The complaint alleges Ruby Anaya, who worked for the company for nearly four years as product manager and director of culture, first reported the incidents to the company’s human resources department.
“In both cases, the company interviewed no witnesses other than the male employee in question. In both instances, the male employee professed to be too drunk to remember the incident,” the complaint reads.
The second incident, the suit alleges, occurred at the company’s annual Summit event in January when a male employee grabbed and pulled her into his body and then tried to forcibly kiss her mouth. The situation was allegedly escalated to the company’s chief people officer as well as cofounder and chief culture officer Miguel McKelvey, who was her direct boss and is also named in the suit. Still, nothing was done, she alleges, and Anaya was fired in August 2018 in what is described in the complaint as an act of retaliation. Despite never receiving a negative performance review, she said, she was fired for being a “poor performer.”
The company disputes the lawsuit’s claims that Anaya had a clean performance record.
In a statement, WeWork denied the allegations: “These claims against WeWork are meritless and we will fight this lawsuit. WeWork has always been committed to fostering an inclusive, supportive, and safe workplace. WeWork investigated this employee’s complaints, took appropriate action, and this employee was terminated solely because of her poor performance.”
The lawsuit is peppered with details about the company’s frat-like culture, including an allegation that WeWork cofounder Adam Neumann “plied [Anaya] with tequila shots during her interview with the company.”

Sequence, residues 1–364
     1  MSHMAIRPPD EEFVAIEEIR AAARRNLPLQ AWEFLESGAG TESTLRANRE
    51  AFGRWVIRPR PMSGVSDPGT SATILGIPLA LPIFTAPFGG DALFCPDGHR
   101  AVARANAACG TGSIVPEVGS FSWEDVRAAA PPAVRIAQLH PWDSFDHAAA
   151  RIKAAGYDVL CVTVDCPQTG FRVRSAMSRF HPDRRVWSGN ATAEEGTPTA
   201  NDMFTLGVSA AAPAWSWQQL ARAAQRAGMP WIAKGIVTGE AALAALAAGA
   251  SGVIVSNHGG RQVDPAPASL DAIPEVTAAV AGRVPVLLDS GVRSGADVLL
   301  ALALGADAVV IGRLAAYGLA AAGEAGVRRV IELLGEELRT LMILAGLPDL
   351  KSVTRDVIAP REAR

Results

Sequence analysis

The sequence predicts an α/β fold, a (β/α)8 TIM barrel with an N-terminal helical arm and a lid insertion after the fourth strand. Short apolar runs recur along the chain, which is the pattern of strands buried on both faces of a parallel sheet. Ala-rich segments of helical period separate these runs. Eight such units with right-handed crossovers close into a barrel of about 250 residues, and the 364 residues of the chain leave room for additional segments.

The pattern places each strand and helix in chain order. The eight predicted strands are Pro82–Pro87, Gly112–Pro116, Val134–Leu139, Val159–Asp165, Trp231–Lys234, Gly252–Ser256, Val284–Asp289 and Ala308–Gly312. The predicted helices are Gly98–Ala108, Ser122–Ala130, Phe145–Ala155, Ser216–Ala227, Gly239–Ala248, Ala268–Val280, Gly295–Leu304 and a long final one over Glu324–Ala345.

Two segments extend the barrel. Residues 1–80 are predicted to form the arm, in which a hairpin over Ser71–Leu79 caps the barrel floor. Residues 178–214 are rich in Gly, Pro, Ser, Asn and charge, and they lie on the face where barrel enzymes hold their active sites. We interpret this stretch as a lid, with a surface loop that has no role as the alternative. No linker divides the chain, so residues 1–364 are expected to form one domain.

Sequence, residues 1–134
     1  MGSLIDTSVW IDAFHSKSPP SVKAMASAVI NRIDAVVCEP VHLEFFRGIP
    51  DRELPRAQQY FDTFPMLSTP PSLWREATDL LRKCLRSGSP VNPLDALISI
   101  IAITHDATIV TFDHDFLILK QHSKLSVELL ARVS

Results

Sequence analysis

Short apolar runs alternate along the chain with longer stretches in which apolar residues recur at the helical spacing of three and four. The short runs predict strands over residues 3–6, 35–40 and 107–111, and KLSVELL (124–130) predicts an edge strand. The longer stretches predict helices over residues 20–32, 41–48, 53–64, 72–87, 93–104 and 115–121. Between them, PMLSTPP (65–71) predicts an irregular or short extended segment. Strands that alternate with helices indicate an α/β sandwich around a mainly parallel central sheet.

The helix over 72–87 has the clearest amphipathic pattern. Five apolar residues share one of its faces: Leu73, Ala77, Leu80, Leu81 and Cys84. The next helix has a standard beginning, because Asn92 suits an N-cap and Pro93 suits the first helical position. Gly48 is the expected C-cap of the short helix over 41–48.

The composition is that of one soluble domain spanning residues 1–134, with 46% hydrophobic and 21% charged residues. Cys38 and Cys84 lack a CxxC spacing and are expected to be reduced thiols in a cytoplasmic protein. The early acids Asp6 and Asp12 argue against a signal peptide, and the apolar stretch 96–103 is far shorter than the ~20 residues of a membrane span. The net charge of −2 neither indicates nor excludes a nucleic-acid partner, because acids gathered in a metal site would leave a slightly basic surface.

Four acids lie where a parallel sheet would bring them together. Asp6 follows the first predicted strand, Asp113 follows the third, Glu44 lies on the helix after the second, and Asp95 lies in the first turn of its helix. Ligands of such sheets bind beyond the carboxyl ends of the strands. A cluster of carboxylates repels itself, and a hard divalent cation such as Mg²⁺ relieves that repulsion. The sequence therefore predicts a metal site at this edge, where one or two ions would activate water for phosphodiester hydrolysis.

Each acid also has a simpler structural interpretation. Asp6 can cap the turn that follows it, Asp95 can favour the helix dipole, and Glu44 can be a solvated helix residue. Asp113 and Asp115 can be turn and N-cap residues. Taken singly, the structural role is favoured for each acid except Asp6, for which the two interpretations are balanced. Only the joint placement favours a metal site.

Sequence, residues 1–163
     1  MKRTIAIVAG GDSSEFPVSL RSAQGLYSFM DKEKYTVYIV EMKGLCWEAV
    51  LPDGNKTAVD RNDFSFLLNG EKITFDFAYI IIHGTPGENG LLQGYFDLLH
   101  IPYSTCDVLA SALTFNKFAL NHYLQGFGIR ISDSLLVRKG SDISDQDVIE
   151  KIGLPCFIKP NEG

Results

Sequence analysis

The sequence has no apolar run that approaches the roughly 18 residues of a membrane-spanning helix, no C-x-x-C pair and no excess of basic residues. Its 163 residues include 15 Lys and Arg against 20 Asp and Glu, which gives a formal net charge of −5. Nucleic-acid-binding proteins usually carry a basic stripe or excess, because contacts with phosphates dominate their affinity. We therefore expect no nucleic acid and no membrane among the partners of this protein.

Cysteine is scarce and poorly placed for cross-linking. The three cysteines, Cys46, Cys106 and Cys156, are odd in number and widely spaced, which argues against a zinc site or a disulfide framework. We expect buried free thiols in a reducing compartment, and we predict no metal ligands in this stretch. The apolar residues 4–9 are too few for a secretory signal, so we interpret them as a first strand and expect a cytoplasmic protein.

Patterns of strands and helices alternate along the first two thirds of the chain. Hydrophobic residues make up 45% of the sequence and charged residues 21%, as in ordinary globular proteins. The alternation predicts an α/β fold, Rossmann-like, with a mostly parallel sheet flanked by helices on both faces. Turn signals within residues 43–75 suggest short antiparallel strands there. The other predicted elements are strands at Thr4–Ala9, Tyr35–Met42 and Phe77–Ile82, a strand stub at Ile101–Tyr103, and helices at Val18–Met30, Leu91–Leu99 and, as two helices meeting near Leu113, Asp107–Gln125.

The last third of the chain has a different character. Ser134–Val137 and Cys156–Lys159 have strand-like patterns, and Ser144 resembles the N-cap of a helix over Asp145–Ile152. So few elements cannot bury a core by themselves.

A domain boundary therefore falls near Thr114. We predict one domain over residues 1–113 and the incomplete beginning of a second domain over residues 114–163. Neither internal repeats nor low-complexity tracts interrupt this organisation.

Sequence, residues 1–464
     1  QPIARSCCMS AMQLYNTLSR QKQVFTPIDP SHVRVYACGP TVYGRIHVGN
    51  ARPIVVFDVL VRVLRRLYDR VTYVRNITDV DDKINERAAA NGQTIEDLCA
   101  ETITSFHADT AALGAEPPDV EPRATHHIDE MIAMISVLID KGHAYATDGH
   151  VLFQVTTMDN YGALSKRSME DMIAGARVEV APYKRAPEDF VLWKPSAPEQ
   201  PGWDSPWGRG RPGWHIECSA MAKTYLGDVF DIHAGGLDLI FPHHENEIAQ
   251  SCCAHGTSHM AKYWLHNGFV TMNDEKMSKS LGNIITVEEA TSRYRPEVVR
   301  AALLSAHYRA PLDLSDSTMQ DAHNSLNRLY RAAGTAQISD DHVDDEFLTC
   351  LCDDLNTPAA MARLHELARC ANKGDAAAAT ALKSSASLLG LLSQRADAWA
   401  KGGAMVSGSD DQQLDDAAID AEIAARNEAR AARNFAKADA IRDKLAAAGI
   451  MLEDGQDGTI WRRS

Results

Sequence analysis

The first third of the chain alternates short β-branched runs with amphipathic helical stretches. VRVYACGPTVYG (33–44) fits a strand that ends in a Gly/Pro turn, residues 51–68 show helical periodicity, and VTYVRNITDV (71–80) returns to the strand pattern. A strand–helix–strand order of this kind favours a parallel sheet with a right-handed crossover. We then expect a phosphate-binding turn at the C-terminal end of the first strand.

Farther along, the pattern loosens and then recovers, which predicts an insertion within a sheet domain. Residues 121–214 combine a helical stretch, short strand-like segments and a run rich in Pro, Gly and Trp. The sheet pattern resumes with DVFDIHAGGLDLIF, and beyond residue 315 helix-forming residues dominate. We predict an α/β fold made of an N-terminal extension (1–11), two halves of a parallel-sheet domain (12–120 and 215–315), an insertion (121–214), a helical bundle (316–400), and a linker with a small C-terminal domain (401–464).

New York-based WeWork, which operates in more than 20 countries, offers tiered pricing plans for coworking spaces that can run more than $1,000 a month. Its selling point is “community,” and the company, which has 6,000 corporate employees, prides itself on helping set the culture for the entrepreneurs and businesses that use its facilities.
The lawsuit also alleges that another employee “surreptitiously photographed [Anaya] having a glass of wine with another co-worker” in a bid to paint her as drinking while on the job. The company, however, has a “free beer on tap all day in all offices policy,” the suit adds.
CNN Business obtained an email sent Friday afternoon by McKelvey, Anaya’s former boss who is named in the suit, to WeWork staff: “Ruby frequently neglected assignments, skipped meetings and didn’t show up for her team or for the company. There may be discussion in the media about what happened, but the truth is that Ruby wasn’t fulfilling her role as a WeWork employee. As her manager, I was responsible for listening to feedback and taking action. Any suggestion that her dismissal was anything other than performance based is simply not true.”
Seth Rafkin, Anaya’s attorney, said in an emailed statement to CNN Business “if our client had been a poor performer for a long time, why didn’t WeWork ever give her a warning or a performance plan, something human resources professionals will tell you is typical practice? And why did the decision to fire her come only after she complained again about a sexual assault and the way it was handled?”
“Notably, Mr. McKelvey’s email to WeWork’s employees wholly ignores the specific allegations concerning the assaults, the fact that our client complained, a surreptitious photo taken of our client, etc,” he said.
Anaya is seeking punitive and economic damages including lost compensation due to being fired before some of her stock vested with the company, as well as damages for emotional distress and humiliation.
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